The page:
Nebraska prohibits most forms of gambling throughout the state, but at least one lawmaker wants to change that by allowing poker to be played there.
State Senator Tyson Larson (R-O’Neill) has introduced a bill that would allow for licensed hold’em and draw poker games to be spread at bars in Nebraska, saying that the game is one of skill rather than luck.
Right now, Nebraska law doesn’t allow for most forms of gambling: there are no casinos in the state, for instance.
However, these prohibitions only exist for games of chance, so if poker could be classified as a game of skill, it could work around existing law rather than requiring an amendment to the state’s Constitution.
“You can be a professional poker player; you cannot be a professional coin flipper,” said Larson, explaining why poker is different than many forms of gambling. “You can lose a poker game on purpose; you can’t lose a coin flip on purpose. You can have the worst hand in poker but be the best player.”
In Larson’s bill, bars would be able to buy a special endorsement on their liquor licenses that would make them eligible to host poker games.
Nonprofit groups would also have the opportunity to apply for licenses to offer poker on a short-term basis.
In order to earn revenue for the state, games would be raked at five percent (tournaments would also carry a similar fee).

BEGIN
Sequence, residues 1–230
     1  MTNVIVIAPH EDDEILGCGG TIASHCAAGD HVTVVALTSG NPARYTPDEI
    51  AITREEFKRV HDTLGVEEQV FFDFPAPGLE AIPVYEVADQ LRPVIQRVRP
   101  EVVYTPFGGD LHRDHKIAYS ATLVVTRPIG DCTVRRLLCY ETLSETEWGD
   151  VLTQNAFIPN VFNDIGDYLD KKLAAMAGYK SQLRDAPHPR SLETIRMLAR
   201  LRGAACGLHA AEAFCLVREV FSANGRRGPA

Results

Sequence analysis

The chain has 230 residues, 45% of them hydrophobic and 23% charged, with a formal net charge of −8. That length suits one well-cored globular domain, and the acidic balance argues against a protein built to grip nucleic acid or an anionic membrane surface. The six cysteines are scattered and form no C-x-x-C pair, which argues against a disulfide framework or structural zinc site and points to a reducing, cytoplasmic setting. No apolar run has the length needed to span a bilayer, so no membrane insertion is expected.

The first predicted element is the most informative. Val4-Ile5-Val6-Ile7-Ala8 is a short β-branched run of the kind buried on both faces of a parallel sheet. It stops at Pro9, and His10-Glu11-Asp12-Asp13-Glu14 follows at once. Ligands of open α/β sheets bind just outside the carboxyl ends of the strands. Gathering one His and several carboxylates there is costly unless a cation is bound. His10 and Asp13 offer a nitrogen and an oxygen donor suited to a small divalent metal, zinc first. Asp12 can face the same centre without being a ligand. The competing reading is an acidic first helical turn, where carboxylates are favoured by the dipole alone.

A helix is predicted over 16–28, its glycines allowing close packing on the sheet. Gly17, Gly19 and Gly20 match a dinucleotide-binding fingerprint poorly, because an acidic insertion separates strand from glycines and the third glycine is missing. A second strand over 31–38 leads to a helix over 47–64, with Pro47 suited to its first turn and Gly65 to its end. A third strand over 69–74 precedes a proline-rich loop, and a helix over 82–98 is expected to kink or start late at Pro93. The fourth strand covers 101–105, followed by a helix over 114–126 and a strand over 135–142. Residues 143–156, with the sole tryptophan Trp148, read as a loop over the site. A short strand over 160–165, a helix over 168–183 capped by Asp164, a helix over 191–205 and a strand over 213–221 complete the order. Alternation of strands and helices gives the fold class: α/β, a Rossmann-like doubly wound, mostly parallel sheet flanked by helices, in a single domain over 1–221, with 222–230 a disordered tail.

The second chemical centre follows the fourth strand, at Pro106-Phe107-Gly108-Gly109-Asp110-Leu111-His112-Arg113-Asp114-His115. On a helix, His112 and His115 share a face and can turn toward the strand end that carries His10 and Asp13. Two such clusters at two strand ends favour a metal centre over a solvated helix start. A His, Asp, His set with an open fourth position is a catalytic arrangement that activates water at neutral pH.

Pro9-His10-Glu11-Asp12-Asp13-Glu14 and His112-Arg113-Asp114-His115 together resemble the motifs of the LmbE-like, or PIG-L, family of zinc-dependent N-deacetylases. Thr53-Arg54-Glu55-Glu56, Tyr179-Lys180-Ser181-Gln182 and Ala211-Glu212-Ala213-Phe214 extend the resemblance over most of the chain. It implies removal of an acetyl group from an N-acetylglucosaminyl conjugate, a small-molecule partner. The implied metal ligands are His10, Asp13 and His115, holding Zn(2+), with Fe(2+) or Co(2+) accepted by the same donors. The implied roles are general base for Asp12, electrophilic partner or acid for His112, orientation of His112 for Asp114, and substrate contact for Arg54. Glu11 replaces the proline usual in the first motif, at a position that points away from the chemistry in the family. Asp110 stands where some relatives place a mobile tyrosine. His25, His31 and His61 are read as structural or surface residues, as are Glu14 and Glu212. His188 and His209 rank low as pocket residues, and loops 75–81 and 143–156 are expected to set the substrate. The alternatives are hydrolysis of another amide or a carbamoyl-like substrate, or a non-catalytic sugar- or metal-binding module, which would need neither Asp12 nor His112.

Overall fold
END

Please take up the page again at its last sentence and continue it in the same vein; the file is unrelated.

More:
From that money, half would go into Nebraska’s property tax credit fund.
“I don’t think there is any one silver bullet to property tax relief,” he said. “It’s a multi-step approach, and I honestly believe expanded gambling can be part of that multi-step approach.”
In addition, 49 percent of the fees would go to local governments.
The remaining one percent would be set aside for a fund that would battle problem gambling issues.
Larson, a 28-year-old who says he holds many libertarian viewpoints, is the new chairman of the General Affairs Committee.
While that committee, which oversees gambling and liquor issues among other topics, has yet to schedule a hearing on Larson’s bill, he says that he expects it to make it into the full Legislature for debate.
Currently, Nebraska poker players must leave the state to play in licensed poker games.
Most of them end up in Iowa, which is home to 18 licensed casinos.
According to one report, Nebraskans generated around $327 million in revenue for Iowa casinos in 2013, nearly one quarter of the total revenue for Iowa’s casinos.
There have been efforts to push for a statewide vote to legalize casino gambling in Nebraska, but they have failed in the Legislature.
The poker bill is one of several that have already been proposed by Larson in the current session.
A second gambling bill would remove the mandatory five-minute break between the keno games that are popular in parts of the state.
Larson has also proposed allowing bars to stay open 24 hours a day, seven days a week, and reinstating an exemption to the state’s smoking ban for cigar bars.
However, the prospects for the poker and keno bills seem dim. Anti-gambling forces in the state have already vowed to fight any gambling expansion, and both the governor and lieutenant governor have previously fought against such efforts in the past.